As you’ve probably heard by now, Glock has announced the availability of its long-awaited single stack 9mm pistol – the Glock 43.
According to Glock VP Josh Dorsey, “The G43 is the most exciting product release to date because it addresses a variety of issues that many shooters face with pistols in the concealed carry category. It will be the pistol of choice for law enforcement and civilians. The G43 sets a new standard for concealed carry pistols.”
Well, I hate to disagree with Mr. Dorsey, but the Glock 43 sets a new standard for Glock, but not necessarily for the concealed carry pistol category as a whole. My current CCW is the M&P Shield.
I’ve found it to be reliable, accurate, and very carry friendly. Given that, should I replace my Shield with the new kid on the block? Many Shield owners will be facing the same decision.
Here are the stats for the new pistol.
Out of the box, the 43 will be smaller than the Shield. Triangle Tactical did an approximate size comparison between the 43 and other popular pistols including the Shield. In the grid below, the Glock 43 is the red pistol.
The Shield isn’t the smallest single-stack 9mm you can find, but here’s the thing. The Shield holds 7+1 rounds (8+1 with the extended base plate) versus the Glock’s 6+1. Glock fans are already making excuses for the loss of rounds by saying that Glock will ultimately release extended magazines for the 43. Well, guess what? Effectively lengthen the grip of the 43 by adding an extended magazine and the gun gets closer to the Shield in size. The frame width of the Glock 43 is slightly narrower than the Shield by a scant 2 mm. The Shield’s barrel is 7 mm shorter and the gun is shorter in overall length by 4 mm. Overall, I don’t expect the 43 to print much different from the Shield. Especially if you run it with an extended magazine. Sorry, not exactly breaking new ground there.
The Glock 43 weighs 3 ounces lighter empty. That’s significant enough to notice. However, I hardly notice when I’m wearing the Shield now. It’s pretty light even when fully loaded.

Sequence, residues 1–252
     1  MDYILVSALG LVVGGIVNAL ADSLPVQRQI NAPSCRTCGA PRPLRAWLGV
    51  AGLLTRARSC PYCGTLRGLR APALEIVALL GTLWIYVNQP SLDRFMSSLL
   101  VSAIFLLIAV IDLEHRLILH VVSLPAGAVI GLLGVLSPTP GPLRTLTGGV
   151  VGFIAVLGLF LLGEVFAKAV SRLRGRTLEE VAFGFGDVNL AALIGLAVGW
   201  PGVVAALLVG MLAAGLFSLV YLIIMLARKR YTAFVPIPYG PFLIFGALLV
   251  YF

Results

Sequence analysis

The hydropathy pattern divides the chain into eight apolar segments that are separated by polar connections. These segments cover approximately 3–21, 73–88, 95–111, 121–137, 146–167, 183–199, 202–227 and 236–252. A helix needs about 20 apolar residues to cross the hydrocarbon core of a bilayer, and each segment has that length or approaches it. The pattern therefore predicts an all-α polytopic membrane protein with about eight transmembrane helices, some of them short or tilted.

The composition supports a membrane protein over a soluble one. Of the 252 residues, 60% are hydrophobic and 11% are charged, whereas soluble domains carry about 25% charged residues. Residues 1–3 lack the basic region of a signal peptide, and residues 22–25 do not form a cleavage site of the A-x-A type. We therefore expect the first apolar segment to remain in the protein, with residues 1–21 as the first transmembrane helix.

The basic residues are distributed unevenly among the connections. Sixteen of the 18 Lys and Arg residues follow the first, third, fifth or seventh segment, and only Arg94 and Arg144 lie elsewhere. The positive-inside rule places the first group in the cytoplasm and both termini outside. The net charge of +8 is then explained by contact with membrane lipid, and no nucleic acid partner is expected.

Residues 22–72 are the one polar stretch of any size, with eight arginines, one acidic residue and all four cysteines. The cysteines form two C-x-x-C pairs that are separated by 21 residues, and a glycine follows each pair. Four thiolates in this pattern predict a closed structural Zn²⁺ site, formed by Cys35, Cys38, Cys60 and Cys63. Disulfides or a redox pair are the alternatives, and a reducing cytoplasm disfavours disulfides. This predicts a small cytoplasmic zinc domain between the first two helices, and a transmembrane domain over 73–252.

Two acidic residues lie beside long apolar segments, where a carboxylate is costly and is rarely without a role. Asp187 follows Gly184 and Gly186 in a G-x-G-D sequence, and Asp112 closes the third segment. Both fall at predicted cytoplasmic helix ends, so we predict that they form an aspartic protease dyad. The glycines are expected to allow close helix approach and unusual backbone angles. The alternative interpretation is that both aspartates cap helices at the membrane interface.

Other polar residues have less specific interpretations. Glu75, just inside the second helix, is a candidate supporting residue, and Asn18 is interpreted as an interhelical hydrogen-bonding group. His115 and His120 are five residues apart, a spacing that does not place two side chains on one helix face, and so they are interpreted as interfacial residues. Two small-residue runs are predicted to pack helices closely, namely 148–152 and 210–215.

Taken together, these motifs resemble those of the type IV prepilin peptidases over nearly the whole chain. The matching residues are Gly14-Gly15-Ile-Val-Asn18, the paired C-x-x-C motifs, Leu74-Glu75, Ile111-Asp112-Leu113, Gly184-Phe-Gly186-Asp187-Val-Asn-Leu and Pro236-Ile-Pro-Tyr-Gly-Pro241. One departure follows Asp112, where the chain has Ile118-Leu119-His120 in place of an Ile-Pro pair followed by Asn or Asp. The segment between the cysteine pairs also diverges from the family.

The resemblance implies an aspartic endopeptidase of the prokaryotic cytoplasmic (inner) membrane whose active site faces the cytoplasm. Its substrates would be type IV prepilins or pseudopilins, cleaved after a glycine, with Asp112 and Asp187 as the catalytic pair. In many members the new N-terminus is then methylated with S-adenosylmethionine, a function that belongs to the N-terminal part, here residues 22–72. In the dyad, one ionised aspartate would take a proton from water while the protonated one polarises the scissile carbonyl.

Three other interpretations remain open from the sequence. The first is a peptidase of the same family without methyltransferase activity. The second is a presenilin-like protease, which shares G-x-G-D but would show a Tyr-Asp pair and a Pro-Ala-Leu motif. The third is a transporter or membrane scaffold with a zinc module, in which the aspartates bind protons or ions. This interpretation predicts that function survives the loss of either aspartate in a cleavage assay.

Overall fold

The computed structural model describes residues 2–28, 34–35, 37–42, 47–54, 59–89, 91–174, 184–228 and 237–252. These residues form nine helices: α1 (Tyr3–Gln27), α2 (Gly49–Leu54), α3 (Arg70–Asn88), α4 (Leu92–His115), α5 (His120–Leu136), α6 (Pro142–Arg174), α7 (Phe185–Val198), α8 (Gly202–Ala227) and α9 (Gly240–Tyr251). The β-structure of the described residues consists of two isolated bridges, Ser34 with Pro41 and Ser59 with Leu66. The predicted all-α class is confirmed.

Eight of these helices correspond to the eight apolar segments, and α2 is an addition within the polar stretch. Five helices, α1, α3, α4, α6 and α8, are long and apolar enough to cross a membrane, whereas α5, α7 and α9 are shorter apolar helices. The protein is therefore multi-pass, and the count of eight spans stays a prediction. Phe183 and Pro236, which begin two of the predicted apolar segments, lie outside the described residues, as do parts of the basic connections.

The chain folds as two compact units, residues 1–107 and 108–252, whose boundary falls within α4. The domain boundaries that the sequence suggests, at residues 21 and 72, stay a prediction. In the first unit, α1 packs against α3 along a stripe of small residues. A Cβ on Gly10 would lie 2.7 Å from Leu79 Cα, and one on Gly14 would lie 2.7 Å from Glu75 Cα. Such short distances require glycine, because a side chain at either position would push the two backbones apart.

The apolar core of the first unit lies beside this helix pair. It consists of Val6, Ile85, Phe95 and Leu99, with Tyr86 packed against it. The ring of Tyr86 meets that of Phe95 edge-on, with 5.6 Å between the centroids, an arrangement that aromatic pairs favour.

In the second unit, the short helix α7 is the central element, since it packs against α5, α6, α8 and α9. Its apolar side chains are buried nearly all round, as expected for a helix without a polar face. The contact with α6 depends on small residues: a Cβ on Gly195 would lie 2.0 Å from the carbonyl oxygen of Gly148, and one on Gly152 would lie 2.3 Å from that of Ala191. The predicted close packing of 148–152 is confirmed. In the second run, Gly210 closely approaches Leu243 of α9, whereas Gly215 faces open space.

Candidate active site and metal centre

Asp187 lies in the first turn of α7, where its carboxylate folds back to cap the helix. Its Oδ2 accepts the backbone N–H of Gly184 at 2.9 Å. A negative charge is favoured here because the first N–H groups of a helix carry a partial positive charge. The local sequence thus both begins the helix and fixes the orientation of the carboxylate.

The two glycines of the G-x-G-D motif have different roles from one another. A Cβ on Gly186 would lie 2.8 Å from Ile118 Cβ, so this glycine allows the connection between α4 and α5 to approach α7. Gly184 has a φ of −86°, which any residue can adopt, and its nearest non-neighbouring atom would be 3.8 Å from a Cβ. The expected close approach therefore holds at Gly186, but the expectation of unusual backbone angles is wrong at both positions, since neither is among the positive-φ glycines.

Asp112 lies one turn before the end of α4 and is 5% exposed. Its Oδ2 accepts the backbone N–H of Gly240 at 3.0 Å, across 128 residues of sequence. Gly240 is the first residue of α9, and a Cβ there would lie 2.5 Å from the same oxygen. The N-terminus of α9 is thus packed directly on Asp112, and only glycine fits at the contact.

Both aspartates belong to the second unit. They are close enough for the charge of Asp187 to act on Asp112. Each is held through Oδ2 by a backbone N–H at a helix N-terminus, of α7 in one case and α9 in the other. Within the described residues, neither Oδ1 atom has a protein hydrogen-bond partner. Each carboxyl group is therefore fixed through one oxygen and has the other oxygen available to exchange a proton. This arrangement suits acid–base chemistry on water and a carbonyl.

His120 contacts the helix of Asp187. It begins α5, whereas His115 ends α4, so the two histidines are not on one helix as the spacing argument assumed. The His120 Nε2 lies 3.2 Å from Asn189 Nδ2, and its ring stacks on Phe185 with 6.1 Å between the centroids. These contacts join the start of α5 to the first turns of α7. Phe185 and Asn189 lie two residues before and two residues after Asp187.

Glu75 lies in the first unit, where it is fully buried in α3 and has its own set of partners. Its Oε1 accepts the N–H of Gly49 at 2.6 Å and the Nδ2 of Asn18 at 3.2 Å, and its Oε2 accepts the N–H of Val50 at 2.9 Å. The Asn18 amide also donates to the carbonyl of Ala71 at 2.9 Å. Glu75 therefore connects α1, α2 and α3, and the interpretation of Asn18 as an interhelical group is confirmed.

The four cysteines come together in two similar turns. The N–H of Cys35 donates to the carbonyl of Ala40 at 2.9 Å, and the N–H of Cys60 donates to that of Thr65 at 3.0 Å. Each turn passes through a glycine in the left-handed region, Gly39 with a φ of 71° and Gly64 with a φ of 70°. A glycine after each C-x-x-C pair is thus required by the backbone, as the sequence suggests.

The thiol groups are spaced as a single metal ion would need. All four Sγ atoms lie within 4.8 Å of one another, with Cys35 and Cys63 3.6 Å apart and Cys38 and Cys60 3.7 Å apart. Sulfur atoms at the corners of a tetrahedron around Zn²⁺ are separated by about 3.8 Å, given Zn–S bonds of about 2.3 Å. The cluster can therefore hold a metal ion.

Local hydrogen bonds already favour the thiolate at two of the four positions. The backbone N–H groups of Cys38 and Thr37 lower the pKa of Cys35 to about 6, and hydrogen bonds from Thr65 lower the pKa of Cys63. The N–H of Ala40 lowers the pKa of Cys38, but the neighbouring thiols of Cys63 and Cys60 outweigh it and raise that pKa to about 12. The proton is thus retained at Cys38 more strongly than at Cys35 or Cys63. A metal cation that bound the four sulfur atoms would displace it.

I expect the 43 trigger to be very Glock-like, which is a compliment. Many criticize the Shield’s trigger as being “gritty” and too heavy. Mine has smoothed out over time and I believe it breaks around 7 lbs, which is heavier than the 5.5 lbs Glock trigger but not unreasonable for a carry gun. In fact, I favored the Shield over alternatives like the Kahr PM9 and the Beretta Nano because of the trigger. I’m more than fine with it.
Glocks are ultra-reliable but so is the Shield. I’ve run every type of ammo imaginable through my gun without issue.
Accessories should be widely available for the Glock. The same can be said for the popular Shield. A draw in my opinion. The guns will be a different story. I suspect limited availability for the 43 in-year. The new pistol will MSRP at $589 and prices won’t drop much until supply catches up with demand. The Shield’s street pricing hovers around $350-400 so there will be a pretty significant price gap between the two in the near term.
I think the Glock 43 will be wildly popular with law enforcement (as an approved back-up and off-duty weapon) and civilians who like Glock and think this is a significant improvement over what they carry now. Personally, I can’t justify moving away from a pistol that has worked well for me to shave 3 ounces and 1.5 lbs in trigger pull while losing 2 rounds of capacity and paying at least $140 more for the privilege. Tempting but I’ll pass.